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Nerve Injury from Child Seats

Holding an infant car seat can cause nerve damage.

A previous blog discussed the importance of child car seats in decreasing motor vehicle injuries and why it is important to get your seat inspected. This can be found here. Holding improperly can cause direct nerve compression damage or indirect damage through Nerve traction.

Direct compression damage –

A common way to hold a heavy basket or car seat is to put the handle in the crook of your arm and hold your hand in close. This helps to engage your biceps and keeps the weight close to your body. Unfortunately, the weight on the inside of your elbow can compress your median nerve as it passes from your cervical spine down to your hand. Sharp shooting shock-like pain, burning, stinging, or numbness can be a sign that you are injuring your nerve and need to change positions ASAP.

Nerve traction –

Our nerves are long cables that extend from our central nervous system to the periphery for both input and output. They are flexible to be bent but as you stretch a nerve the center compresses until it can no longer accommodate. If there are any adhesions or bony growths along the nerves path this can be even more sensitive to stretch.
Another example of nerve stretch you may be familiar with is a “burner / stinger” in football when a players head is pushed to one side and the arm is pushed in the opposite direction.

Ergonomic handle, HAH!

The average infant car seat weighs about 10lbs. It is an effective protective cage for your baby but in no way is it ergonomic for you to carry, no matter the label on the handle.
When you carry any item, you want it close to your body. The farther away from your core the item is, the heavier it feels. Try taking a 10lb weight and hold it against your chest. No big deal right, now hold it with your arms all the way out while making a Target run.


Viral video –

Dr. Emily Puente, a Chiropractor from TX went viral for a video of her method to hold a car seat one-handed. Have the seat handle in the upright position, baby facing you. Arm goes through the handle opening from back to front hand is internally rotated and you reach down to the edge of the bottom of the seat. The handle should be in your elbow and the opposite arm is free to open doors, etc.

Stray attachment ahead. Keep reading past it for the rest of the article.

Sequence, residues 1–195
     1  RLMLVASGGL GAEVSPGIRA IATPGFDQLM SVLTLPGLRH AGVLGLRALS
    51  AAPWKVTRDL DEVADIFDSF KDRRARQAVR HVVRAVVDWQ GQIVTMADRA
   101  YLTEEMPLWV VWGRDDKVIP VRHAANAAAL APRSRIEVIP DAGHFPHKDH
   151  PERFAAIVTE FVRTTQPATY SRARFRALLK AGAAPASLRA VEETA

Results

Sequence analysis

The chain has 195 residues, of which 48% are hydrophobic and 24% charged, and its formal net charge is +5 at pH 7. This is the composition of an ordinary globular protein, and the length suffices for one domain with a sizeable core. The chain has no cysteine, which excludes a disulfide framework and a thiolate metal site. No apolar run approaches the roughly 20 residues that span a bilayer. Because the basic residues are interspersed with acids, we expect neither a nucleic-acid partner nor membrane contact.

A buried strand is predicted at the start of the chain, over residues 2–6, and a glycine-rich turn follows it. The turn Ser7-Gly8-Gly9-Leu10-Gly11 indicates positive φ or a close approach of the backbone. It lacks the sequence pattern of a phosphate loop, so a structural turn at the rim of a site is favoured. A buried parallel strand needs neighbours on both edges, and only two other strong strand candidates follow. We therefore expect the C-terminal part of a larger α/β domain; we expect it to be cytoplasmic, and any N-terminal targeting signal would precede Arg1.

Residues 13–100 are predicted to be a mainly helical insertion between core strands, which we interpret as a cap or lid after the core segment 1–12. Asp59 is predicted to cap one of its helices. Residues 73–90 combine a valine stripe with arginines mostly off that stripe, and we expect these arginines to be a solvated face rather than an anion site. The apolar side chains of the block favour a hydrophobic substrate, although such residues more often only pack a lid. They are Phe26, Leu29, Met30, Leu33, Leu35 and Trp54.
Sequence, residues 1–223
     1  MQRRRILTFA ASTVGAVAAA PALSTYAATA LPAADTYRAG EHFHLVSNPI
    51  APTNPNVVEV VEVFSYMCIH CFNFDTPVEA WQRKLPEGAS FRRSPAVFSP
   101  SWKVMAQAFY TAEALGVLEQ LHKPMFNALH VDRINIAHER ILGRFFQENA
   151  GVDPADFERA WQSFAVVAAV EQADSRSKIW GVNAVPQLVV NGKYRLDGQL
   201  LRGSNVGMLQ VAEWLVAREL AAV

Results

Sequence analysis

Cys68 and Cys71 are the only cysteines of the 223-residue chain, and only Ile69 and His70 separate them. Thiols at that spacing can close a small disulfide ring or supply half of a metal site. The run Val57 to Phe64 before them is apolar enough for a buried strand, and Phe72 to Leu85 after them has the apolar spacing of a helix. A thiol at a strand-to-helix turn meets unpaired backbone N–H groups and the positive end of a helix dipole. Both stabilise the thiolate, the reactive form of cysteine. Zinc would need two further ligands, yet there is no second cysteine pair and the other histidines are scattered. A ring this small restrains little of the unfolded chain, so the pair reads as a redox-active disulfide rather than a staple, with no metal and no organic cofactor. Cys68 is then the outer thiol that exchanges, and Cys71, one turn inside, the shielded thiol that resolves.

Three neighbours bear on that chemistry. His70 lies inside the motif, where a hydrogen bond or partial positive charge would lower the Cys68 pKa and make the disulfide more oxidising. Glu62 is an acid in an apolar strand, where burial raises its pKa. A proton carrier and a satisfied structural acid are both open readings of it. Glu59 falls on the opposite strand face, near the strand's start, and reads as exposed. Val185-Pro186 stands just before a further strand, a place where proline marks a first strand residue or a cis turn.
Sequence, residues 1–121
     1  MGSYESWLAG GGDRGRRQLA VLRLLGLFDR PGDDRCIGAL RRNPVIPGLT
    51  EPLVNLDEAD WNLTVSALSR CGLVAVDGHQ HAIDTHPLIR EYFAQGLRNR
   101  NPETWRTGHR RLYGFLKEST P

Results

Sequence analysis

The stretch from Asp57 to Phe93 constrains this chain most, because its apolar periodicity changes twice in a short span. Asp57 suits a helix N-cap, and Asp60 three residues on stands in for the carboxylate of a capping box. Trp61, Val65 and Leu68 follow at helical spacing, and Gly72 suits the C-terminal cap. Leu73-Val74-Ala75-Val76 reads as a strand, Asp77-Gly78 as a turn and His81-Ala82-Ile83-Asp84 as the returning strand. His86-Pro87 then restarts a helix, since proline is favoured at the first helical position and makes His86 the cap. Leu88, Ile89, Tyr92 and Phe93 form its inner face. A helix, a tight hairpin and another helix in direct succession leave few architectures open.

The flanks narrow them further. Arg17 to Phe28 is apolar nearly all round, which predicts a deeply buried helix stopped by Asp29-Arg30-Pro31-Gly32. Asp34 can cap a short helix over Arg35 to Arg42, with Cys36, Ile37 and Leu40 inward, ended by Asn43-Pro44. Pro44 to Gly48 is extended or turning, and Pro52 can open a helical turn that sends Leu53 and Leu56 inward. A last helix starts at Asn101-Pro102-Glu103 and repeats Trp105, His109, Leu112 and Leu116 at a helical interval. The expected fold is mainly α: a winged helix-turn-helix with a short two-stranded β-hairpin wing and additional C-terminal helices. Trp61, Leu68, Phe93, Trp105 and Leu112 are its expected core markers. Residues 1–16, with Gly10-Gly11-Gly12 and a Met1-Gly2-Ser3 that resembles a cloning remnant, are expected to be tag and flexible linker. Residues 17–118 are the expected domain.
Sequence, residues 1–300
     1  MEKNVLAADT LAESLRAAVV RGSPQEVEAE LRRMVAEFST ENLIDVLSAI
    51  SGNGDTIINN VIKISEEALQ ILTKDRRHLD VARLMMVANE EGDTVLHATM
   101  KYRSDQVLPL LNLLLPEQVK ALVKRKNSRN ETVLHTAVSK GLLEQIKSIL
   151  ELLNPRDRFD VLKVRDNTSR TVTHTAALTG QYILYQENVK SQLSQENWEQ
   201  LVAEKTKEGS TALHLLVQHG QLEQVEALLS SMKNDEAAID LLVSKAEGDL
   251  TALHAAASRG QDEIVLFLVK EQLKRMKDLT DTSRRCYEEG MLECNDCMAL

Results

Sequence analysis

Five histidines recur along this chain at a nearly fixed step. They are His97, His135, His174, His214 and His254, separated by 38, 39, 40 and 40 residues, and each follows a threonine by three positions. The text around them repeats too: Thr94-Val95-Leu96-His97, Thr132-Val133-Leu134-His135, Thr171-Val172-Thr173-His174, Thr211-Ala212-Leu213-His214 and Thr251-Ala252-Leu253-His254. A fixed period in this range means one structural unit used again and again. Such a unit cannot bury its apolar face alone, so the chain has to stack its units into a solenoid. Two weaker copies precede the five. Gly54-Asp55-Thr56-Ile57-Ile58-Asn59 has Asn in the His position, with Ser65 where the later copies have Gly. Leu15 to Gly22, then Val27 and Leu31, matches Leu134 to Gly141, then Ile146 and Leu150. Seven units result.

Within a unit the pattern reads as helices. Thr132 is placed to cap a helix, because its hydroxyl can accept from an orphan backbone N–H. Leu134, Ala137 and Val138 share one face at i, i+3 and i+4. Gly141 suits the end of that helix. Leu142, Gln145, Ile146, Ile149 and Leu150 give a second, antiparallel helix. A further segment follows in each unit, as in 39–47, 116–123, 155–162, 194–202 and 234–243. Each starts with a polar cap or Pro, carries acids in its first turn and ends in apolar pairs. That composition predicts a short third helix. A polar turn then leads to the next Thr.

Two handed hold –

Grab the front and back and hold like a laundry basket.

Use a Shopping cart –

Put the carrier into the bottom of the cart. Putting a car seat in the top basket has caused numerous injuries and is no longer advised, it can be knocked loose or make the basket more likely to tip.

Use a sling or carrier system –

They may look challenging and uncomfortable but many of these tools are just what the doctor ordered.

Stroller system –

Use the stroller. If you are shopping and only need a few items, consider using a stroller and either carrying or using extra stroller storage until you get to the register.

Take baby out –

The car seat does not always need to be moved. Leaving it in the car during weather extremes can make it uncomfortably hot or cold. But if the weight of the baby and seat together are too much, carry one at a time.

Nerve support –

B vitamins are needed to support nerve health (B1, B6, B12). If you are having nerve issues it may be to your benefit to take a B-complex supplement for about 3 months to make sure your body has the necessary resources to heal. B12 can be stored, all the others need to be consumed regularly.

Nerve pain should not be ignored. Progressive weakness or loss of sensation needs to be addressed. A professional should be consulted if symptoms persist for more than a moment or are recurrent. Like many things, earlier intervention helps to minimize the consequences of an insult to a nerve.

Our medical providers can help accelerate the healing process and teach you how to break the cycle of pain returning with use. Contact Beyond Wellness, specializing in acupuncture, chiropractic services, and more at 703.272.5469 or www.mybwdoc.com

Dr. Martin C. Donnelly, DC, CCEP, CKTP, FAKTR-PM, GRASTON Certified,